Category Archives: Reviews

Review: End Game, by Rachel Dylan

End Game, Book 1 in the Capital Intrigue series from Rachel Dylan

End Game, by Rachel Dylan (Bethany House, 2020)

With End Game, Rachel Dylan delivers a fast-paced, high-stakes thriller that still finds room for romance.

The book’s back cover sums it up better than I can:

When elite members of the military are murdered on the streets of Washington, DC, FBI Special Agent Bailey Ryan and NCIS Special Agent Marco Agostini must work together to bring the perpetrator to justice. Unfortunately, all evidence points to a Navy SEAL sniper whom Bailey refuses to believe is guilty.

A novel like this could be gritty, violent, and scary. Instead, it’s gripping but non-traumatic to timid readers like me. What I most appreciated, though, was a secondary factor: Bailey and her two best friends, Viv and Layla, have a fantastic, strong friendship. They have one another’s backs professionally as well as emotionally, and it’s a fantastic example. Since End Game is book 1 in the Capital Intrigue series, I’m hoping we’ll see the other two women as main characters in books 2 and 3.

A surprising number of the key characters are Christians—perhaps more than one would find thrown together on a case like this in real life. Their struggles to process why bad things happen, past hurts, and fear of loss are one thread in the fabric of this story. Nothing’s preachy or glib, just honest wrestling such as many Christians do in real life.

Rachel Dylan is an award-winning, bestselling author of Christian suspense and legal thrillers. For more about the author and her work, visit racheldylan.com.

[I received a complimentary copy of this book via #NetGalley. Opinions expressed in this review are completely my own.]

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Picks from 2019

Goodreads tells me I’ve read 91 books in 2019. And that’s not counting Bible reading. Here are the books I’ve most enjoyed last year. Some were produced in 2019, some previously. Pop a note into the comments with your own favourites?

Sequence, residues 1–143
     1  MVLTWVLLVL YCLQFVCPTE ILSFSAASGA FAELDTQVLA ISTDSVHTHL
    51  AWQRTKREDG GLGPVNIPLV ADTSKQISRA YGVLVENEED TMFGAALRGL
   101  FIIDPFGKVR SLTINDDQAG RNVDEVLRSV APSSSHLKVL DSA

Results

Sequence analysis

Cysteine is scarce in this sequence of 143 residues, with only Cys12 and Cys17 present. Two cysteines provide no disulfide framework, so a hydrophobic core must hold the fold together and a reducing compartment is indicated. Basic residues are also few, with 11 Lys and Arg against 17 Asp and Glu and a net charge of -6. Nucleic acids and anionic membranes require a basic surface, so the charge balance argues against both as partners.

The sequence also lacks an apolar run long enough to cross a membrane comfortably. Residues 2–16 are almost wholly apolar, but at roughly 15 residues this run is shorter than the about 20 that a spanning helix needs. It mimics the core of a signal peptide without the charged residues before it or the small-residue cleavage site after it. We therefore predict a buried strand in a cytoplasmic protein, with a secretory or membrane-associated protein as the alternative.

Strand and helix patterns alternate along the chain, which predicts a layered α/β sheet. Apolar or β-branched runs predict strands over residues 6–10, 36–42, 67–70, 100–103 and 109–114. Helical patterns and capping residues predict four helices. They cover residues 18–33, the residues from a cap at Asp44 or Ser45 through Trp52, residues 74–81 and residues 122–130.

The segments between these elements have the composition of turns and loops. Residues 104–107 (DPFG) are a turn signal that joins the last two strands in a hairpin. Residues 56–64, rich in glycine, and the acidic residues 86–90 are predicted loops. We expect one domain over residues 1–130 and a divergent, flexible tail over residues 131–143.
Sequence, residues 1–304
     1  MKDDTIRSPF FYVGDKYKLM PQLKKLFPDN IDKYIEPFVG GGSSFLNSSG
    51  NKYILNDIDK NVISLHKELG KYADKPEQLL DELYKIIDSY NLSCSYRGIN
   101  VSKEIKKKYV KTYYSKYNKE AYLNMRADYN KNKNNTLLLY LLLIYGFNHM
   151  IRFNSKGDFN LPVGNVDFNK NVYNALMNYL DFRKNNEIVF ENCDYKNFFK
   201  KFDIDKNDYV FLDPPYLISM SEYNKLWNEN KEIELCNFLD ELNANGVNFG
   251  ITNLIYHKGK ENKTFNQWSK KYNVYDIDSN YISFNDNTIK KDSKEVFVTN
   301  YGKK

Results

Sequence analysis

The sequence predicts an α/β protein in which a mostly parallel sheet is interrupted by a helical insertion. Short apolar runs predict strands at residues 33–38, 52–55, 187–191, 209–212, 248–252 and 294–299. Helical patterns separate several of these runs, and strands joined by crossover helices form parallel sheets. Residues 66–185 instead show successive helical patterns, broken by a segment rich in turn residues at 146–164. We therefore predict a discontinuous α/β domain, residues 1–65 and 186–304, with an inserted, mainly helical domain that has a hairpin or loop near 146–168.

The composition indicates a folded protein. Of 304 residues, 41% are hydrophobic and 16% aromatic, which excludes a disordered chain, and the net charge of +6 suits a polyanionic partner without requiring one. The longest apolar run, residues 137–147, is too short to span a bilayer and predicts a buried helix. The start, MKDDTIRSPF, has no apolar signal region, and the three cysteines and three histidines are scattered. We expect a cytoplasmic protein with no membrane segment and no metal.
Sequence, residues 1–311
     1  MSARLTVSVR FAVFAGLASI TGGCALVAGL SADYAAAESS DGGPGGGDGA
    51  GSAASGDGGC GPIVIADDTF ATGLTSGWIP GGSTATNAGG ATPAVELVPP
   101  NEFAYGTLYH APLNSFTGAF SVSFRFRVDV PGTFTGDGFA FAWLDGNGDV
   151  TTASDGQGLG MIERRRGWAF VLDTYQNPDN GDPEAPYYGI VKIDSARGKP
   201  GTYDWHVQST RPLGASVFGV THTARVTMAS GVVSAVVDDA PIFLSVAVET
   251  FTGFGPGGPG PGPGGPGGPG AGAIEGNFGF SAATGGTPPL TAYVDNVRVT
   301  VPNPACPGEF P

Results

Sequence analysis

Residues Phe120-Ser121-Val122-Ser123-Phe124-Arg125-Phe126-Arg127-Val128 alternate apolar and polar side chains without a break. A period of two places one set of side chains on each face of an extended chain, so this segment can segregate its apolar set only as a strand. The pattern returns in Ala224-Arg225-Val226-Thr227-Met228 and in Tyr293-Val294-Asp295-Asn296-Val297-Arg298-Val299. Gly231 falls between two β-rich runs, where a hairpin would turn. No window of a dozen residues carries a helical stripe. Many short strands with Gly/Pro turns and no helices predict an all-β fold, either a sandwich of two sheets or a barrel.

My top picks from 2019:

Book of the year: Whose Waves These Are, by Amanda Dykes

Christian living: The Wonderful Spirit-Filled Life, by Charles Stanley

Contemporary novel: As the Light Fades, by Catherine West

Fantasy novel: Wayfarer, by K.M Weiland

Historical Novel: The End of the Magi, by Patrick W. Carr

Mystery/suspense novel: A Better Man, by Louise Penny

Science fiction novel: Thrawn: Treason, by Timothy Zahn

Review: Bring Each Other Home, by Angelina Fast-Vlaar

Bring Each Other Home, by Angelina Fast-Vlaar

Bring Each Other Home, by Angelina Fast-Vlaar (Word Alive Press, 2019)

Subtitled “A Caregiver’s Journey,” Bring Each Other Home is a book for everyone. Most, if not all of us, will have someone in our circle of acquaintance who’ll deal with dementia or Alzheimer’s Disease.

While Angelina and Joe’s story is their own, the experiences she shares can make readers more sensitive to the needs of both caregiver and patient. Let us not be people who add more hurt by disbelieving, blaming, or judging caregivers if we don’t see in a brief encounter what they see in 24/7 care. Nor let us add hurt by avoiding the dementia sufferer.

Readers who are caregivers will find strength in knowing their struggles are not unique, and will be encouraged to reach out to support groups and healthcare professionals for much-needed help. [Note: caregivers new to this role and still dealing with the rawness of it all may not be ready to read this book just yet.]

Favourite lines:

“This is my child. I love him dearly. He has walked with me a long, long time. I need for you to walk with him the rest of the way.” [The author’s impression of God speaking to her, p. 76]

…gradually we began to see the treasures God always tucks into the dark places He guides us through. [p 110-111]

Angelina Fast-Vlaar writes with honesty and poignancy of the long, slow loss of her beloved husband, Joe. The narrative is interspersed with poetry and restful black-and-white photos. It’s a sad story, but one of love, faith, and persistence.